The view at Samothrace shows the Sanctuary of the Gods and was taken by a member of Alexander Conze's team in 1873-76, most probably the Austrian painter and photographer Wilhelm Burger (1844-1920), who, before joining Conze, had worked extensively in the Far East (Thailand, China and Japan). "While Schliemann was eager to vindicate his prehistoric speculations with the camera, other German scholars preferred to turn its lens toward the familiar refinements of Hellenism. The archaeologist Alexander Conze had been on hand for Charles Newton's Halicarnassus exhibition in Rome, but it was several years before he was ready to launch his own excavation. By comparison with the expeditionary photographs of most archaeologists in the eastern Mediterranean, those of Conze are recognized for the exceptional skill devoted to the task of site documentation. Conze excavated at the Sanctuary of the Great Gods at Samothrace in 1873-1875. He commissioned the photographer Wilhelm Burger to take pictures, which were later printed in Munich. Similar to Newton's illustrations of Halicarnassus, the Samothrace series presents site views of trenches with the foundations of the sanctuary appearing just beneath ground level. Tools, but only rarely workmen, are posed beside key features that offer proof of the architectural reconstruction Conze proposed" (Claire L. Lyons in Antiquity & Photography: Early Views of Ancient Mediterranean Sites, 2005, p. 47). In this view of the site strewn with fragments of columns, a workman acts as a scaling figure, with another group visible in the middle distance. Luminous-Lint comments that Burger's "large format works are rarely seen". Marked in the negative "Samoth. 15".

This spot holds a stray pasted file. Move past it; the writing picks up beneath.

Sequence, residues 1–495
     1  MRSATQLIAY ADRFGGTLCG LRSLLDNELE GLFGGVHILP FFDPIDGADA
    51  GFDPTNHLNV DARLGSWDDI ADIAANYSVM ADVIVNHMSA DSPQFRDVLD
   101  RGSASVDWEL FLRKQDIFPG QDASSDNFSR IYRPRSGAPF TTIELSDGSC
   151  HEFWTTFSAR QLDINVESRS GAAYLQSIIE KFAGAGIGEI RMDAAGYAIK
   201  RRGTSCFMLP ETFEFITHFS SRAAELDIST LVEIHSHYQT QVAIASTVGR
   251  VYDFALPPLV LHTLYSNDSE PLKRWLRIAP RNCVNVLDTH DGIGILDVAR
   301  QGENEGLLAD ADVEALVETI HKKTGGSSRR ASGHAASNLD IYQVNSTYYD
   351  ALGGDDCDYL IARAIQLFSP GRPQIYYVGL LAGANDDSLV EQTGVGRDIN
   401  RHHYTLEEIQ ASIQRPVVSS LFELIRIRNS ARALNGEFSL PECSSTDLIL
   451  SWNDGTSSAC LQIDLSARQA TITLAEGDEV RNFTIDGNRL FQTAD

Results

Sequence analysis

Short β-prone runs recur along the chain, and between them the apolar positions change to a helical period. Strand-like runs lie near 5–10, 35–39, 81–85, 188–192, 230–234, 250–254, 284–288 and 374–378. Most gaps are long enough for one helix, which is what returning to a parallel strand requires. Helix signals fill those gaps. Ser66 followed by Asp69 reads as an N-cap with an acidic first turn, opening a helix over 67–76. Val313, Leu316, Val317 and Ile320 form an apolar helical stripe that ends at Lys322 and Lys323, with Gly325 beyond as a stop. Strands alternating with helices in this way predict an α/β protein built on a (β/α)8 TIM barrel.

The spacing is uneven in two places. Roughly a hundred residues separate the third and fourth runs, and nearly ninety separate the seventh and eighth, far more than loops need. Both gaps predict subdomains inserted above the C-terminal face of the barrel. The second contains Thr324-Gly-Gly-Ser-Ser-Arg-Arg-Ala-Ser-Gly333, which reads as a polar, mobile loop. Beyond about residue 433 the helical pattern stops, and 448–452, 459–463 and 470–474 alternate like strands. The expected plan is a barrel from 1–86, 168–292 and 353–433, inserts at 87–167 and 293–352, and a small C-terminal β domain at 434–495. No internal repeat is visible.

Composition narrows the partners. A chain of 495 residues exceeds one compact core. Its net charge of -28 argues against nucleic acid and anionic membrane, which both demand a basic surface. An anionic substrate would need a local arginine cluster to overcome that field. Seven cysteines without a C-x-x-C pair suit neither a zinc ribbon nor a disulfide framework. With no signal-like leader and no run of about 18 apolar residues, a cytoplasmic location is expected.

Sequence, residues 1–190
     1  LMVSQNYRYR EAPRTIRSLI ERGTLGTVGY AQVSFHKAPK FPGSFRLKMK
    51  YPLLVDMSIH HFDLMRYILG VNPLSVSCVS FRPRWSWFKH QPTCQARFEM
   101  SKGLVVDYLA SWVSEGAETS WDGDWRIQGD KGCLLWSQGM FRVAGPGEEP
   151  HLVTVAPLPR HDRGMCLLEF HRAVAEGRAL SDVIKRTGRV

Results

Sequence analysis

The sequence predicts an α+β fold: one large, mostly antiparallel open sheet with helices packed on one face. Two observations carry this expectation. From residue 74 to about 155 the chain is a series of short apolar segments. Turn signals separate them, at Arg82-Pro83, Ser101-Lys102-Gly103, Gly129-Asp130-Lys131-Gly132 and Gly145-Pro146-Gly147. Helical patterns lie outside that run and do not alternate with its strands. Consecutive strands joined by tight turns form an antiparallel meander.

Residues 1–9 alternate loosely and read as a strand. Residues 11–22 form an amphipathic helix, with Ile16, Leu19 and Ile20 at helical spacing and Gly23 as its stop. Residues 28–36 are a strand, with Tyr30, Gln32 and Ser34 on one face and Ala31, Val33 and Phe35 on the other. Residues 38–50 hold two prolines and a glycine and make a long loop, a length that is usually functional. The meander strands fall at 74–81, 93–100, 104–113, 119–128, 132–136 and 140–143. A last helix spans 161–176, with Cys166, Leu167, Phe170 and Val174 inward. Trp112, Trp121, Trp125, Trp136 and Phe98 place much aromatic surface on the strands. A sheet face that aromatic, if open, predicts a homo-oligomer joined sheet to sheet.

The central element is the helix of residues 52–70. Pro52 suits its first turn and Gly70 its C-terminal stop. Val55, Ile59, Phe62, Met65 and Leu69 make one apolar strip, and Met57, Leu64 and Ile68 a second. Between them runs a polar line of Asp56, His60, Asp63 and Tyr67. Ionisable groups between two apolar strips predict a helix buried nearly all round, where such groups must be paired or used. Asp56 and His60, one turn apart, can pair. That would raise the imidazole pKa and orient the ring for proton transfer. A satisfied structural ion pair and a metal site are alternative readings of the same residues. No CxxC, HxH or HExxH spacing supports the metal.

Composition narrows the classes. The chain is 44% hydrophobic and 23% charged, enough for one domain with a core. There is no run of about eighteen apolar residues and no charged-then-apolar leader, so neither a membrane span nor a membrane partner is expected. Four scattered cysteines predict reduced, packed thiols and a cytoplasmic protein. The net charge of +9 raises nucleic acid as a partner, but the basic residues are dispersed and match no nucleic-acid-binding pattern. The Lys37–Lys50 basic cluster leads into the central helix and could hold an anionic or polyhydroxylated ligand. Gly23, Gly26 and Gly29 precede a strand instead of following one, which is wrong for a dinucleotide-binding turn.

Heinrich Schliemann (1822-1890) remains one of the most remarkable and controversial figures of nineteenth century archaeology. "Assessments of Schliemann's work began to change even during his lifetime. It is clear from later research on Frank Calvert the Malta-born British archaeologist and his papers that Calvert deserves the lion's share of responsibility for siting Troy at Hisarlık. Schliemann's archaeological practices too left something to be desired. In his single-minded drive to discover Homer's Troy, he damaged and destroyed other layers of settlement. His self-promotion and methods of appropriation further cast doubt on his actual accomplishment, though his broadcasting of his various claims undoubtedly brought much greater general awareness of ancient history of the region. Schliemann was one of the first popularisers of archaeology. With his books and his dispatches to The Times, the Daily Telegraph, and other papers, he kept the world informed and excited by his archaeological findings as no one previously had been able to do. However unscrupulously, Schliemann became a symbol of the romance and excitement of archaeology" (Encyclopaedia Britannica).
Original photographic material relating to Schliemann's work - or that of Conze - is rare and we have not traced anything at auction. This small group of compelling prints may represent the only such archive in private hands. As exemplars from the dawn of archaeological photography they possess genuine immediacy.
Five original silver albumen prints: Troy (all landscape format: 170 x 232 mm), Mycenae (portrait format: 228 x 170 mm), Samothrace (landscape format: 170 x 228 mm), each with holograph captions by Schliemann and mounted on thick card stock leaves (243 x 328 mm).
Very mild toning, periphery of mounts showing light signs of handling and occasional minor staining but the prints themselves remarkably well preserved.